Step Inside A Victorian Sweet Shop at York Castle Museum
I loved visiting York Castle Museum. Its permanent collection offers visitors an intriguing look at every day life at key times in Britain’s history.
Victorian life is one of the main themes at the museum and it’s brilliantly done. There’s also a strong emphasis on food and farming.
If you’re interested in food history, you will love the historic hearths and kitchens exhibition; the Castle Kitchen where regular cookery demonstrations take place; and the Terry’s Sweet Shop with its chocolate memorabilia.
Once you’ve had your fill, you can transport yourself to the Swinging Sixties or to the horror of 1914 when daily life in Britain changed beyond all recognition.
Step Into Victorian Britain at York Castle MuseumThe main attraction of the museum is Kirkgate, a recreated Victorian cobbled street. You can step inside a schoolroom, police cell, Cocoa House, candle-maker’s, grocer’s shops and of course, a Terry’s sweet shop. Costumed guides tell you about the shops and businesses on the street that all operated between 1870 and 1901.
Eye Up the Sweets in Terry’s Sweet ShopThe Terry’s Sweet Shop displays some of the museum’s chocolate memorabilia. The shop sold cakes and comfits, sugar sweets, candied peel, marmalade and mushroom ketchup. Browse through their trade catalogue and see that in the 1850s, the sweets had colourful names to commemorate the heroes, villains and battles such as Wellington sticks (red, blue and yellow), Nelson balls (red or yellow) and Bonapartes’s ribs (striped yellow or pink).
See How the Victorians Started Making Ice-CreamThe display of Victorian ice-cream making equipment includes fancy moulds in the shape of vegetables or fruit. Although ice-cream had been around since the seventeenth century, it increased in popularity in Victorian times when ice chests were developed. The most fashionable way to serve it was at well-to-do dinner parties. It was made with a base of water, cream or custard, then flavoured with sugar and fruit pulp. “Some of the prettiest dishes it is possible to send to the table,” Mrs Agnes Bertha Marshall, The Book of Ices 1885
Learn About Yorkshire Turf Cakes
Yorkshire turf cakes were once an alternative to bread. Looking at the museum’s Yorkshire farmhouse range, you’ll discover they were baked over a ‘jetling’, a special lidded pan and cooked over a turf fire. They were buttered and served with thick rashers of ham and eggs. By the end of the nineteenth century, they became sweeter and contained sugar, currants and sultanas. The famous Fat Rascal scones served at Bettys Cafe Tea Rooms are said to have been inspired by the turf cake.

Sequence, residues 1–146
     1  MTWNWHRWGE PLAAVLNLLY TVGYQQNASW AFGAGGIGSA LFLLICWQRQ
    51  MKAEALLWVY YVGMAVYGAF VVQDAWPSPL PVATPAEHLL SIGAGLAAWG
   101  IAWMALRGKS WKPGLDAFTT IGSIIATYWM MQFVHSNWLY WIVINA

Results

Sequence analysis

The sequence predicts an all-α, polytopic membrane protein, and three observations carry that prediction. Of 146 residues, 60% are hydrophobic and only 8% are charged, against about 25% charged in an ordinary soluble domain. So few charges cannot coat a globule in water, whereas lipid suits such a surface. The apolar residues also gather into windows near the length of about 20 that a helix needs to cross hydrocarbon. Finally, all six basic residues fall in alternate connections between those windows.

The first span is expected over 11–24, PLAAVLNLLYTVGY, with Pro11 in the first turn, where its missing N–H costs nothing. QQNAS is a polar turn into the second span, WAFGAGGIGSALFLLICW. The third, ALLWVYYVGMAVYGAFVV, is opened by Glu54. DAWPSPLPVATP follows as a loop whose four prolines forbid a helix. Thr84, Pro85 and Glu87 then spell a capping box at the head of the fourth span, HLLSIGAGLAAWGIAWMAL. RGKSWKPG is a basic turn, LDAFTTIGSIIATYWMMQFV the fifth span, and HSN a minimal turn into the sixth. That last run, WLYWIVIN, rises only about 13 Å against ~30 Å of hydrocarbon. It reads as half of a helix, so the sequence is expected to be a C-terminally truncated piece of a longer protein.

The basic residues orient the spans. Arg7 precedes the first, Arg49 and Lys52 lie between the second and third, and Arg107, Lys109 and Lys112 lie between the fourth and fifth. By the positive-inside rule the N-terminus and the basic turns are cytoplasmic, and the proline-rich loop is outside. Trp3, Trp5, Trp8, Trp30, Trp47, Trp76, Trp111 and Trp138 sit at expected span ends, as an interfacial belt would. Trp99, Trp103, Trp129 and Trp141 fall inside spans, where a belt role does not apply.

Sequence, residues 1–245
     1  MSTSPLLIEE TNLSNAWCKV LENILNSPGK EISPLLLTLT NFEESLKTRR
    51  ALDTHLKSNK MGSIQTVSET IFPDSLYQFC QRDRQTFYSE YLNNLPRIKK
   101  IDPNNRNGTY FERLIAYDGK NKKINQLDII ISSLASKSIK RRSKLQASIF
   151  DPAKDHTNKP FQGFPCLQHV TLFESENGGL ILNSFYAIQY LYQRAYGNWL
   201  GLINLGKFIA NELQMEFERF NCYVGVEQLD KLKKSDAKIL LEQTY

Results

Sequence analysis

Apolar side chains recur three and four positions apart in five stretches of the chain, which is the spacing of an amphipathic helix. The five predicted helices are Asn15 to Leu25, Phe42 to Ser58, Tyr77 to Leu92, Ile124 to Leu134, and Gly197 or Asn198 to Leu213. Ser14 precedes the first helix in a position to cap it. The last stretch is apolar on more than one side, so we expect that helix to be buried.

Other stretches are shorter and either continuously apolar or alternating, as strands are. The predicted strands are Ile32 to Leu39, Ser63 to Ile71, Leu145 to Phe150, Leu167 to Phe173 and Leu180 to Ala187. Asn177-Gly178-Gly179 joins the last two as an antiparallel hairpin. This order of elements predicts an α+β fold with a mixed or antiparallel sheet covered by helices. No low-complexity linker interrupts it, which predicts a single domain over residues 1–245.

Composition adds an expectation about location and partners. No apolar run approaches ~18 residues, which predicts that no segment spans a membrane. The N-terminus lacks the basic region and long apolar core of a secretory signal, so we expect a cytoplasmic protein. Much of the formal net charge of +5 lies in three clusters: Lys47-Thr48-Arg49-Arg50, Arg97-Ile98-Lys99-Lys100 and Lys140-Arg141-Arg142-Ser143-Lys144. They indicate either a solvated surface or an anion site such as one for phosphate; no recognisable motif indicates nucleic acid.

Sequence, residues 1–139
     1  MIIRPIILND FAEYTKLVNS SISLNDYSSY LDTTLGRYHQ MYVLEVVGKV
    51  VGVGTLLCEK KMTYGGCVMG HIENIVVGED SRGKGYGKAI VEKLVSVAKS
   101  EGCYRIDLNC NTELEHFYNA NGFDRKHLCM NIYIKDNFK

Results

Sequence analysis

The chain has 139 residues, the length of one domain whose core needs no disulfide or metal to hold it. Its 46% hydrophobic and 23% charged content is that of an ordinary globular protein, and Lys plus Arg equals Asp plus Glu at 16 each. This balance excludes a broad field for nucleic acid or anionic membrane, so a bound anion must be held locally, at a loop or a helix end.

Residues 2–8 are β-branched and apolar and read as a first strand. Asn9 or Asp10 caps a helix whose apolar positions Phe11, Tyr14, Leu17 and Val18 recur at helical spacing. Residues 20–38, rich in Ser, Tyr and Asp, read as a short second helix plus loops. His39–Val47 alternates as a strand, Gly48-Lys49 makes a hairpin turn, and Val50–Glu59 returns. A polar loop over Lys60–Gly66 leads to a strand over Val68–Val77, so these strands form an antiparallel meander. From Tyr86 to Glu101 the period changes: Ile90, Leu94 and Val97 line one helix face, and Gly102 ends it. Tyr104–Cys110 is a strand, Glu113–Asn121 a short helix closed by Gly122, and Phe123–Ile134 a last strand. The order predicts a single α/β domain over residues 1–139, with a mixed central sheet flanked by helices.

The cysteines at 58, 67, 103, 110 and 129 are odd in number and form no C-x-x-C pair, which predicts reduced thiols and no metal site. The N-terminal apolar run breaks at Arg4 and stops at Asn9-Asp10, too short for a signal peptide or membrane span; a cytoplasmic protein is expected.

See Shackleton’s Cocoa Tin
One of the displays in the museum is a Rowntree’s cocoa tin that has been on an epic journey. It was taken to the Antarctic by explorer Ernest Shackleton in 1909. The York-made cocoa was one of the unused goods brought back by Shackleton after his failed attempt to reach the South Pole in 1908-9.
- Buy a York Pass to include entry to the York Castle Museum and other attractions in the city
- Visit Clifford’s Tower opposite the museum which is managed by the Landmark Trust
How to Find York Castle MuseumYork Castle Museum, Eye of York, York YO1 9RY
York Castle Museum
The Foodie Travel Guide
Sally is the founder and editor of The Foodie Travel Guide. She travels around the UK and beyond in search of the best foodie days out, tasting experiences and delicious places to stay. She loves a glass of English sparkling wine, afternoon tea with friends and escaping London for gastronomic adventures.
Save Money With The York Pass
- Free entry to 30 top attractions in historic York
- Hop-On, Hop-Off Tour
- Beat the queues
- Includes entrance to York’Castle Museum
- Highlights include York Minster, Castle Howard, Jorvik Centre and the North Yorkshire Moors Railway
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